- 6000–5000 BC
Bulgaria’s earliest Neolithic settlers occupy caves, abandoning them around 5000 BC for mud huts. Farming develops.
- 4000–1000 BC
Thracian tribes dominate modern-day Bulgaria; around 3000 BC, settlements include coastal Mesembria; around 2000 BC they expand into Greece and Anatolia.
- 611 BC
Greek settlers from the Anatolian city-state of Miletus establish Apollonia Pontica (Sozopol) on the Black Sea coast – the first classical democracy on Bulgarian territory. All males over 18 can vote.
- 335 BC
Macedonian king Alexander the Great extends the Thracian holdings of his father Philip II by marching to the Danube, the northernmost border of his massive empire.
- AD 46
Rome annexes the eastern Balkans and modern-day Bulgaria is divided into provinces: Thrace (in the south), Moesia (in the north) and Ulpia Serdica (today's Sofia) as the capital of Inner Dacia.
Roman emperor Diocletian establishes the ‘Tetrarchy’ (rule of four), reorganising imperial administration. Regional ‘capitals’ are established, including Serdica (Sofia), which becomes important.
Forces of Attila the Hun cross the Danube, sweeping into Roman territory and sacking Serdica and Philipopolis (Plovdiv), forcing Rome to pay tribute in gold.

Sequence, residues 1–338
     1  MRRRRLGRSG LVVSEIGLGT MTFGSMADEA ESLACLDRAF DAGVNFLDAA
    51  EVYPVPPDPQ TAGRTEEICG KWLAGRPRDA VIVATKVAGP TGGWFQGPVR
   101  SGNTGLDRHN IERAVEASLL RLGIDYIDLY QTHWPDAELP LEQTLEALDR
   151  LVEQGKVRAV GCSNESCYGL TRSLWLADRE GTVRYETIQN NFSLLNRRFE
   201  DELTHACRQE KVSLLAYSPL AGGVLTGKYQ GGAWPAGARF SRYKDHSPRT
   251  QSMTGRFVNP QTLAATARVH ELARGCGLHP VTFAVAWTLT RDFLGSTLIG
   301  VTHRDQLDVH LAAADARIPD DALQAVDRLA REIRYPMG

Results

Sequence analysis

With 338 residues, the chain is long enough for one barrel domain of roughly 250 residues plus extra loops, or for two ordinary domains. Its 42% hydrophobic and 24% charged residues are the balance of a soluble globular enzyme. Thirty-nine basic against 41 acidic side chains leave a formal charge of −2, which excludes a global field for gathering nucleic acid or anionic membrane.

After Turkic Bulgar tribes sweep down from the Black Sea steppes, Khan Asparuh establishes the First Bulgarian Empire at Pliska. Centuries of chronic fighting with Byzantium ensue.
Khan Krum dies unexpectedly while preparing to besiege Constantinople; the Bulgars make peace two years later.
Byzantine monks Kiril and Metodii undertake a mission to the Moravian Slavs; their monk-disciples later spread the Cyrillic alphabet in Ohrid, in Bulgarian-controlled Macedonia.
Byzantine Orthodox prelates baptise Knyaz Boris and his court; Constantinople's dramatic competition with the Pope only ends in 870, when Bulgaria wins national-church status.
Boris’ third son, Tsar Simeon (r 893–927) expands borders from Romania and Bosnia to the Peloponnese, becoming Europe's strongest power.
Byzantines capture and burn the Bulgarian capital, Preslav; the leadership relocates to Ohrid, their capital until the Byzantine reconquest in 1018.
Byzantine forces win decisively at the Battle of Kleidion/Belasitsa in southwestern Bulgaria, auguring the Bulgarian Empire's demise four years later.
Aristocrat brothers Asen and Petâr rebel against a weakening Byzantium, establishing the Second Bulgarian Empire, with Veliko Târnovo the capital. Tsar Ivan Asen II (1218–41) expands Bulgaria’s borders.
Bulgaria’s last native king, Tsar Ivan Shishman (1371–96), is defeated and Bulgaria is annexed by the Ottoman Empire, beginning 500 years of harsh Islamic rule.
A Hungarian-led Crusade against the Turks ends disastrously at the Battle of Varna.
The First Târnovo Uprising against Turkish rule briefly liberates Veliko Târnovo. A new tsar is crowned, but the revolt is brutally crushed. Thousands of Bulgarians flee to Wallachia.
Austrian victories against the Turks inspire revolts in northern Bulgaria, but the so-called Second Târnovo Uprising is squashed.
The National Revival era; monk Paisii Hilendarski’s groundbreaking Slav-Bulgarian History captivates Bulgarians. By the 19th century, Bulgarian-language education (1840s) is allowed and the Bulgarian Orthodox Church (1870) is established.
The Crimean War brings British and French troops to Bulgaria, with Varna an important garrison; Turkey is compelled to open up Bulgaria to international trade.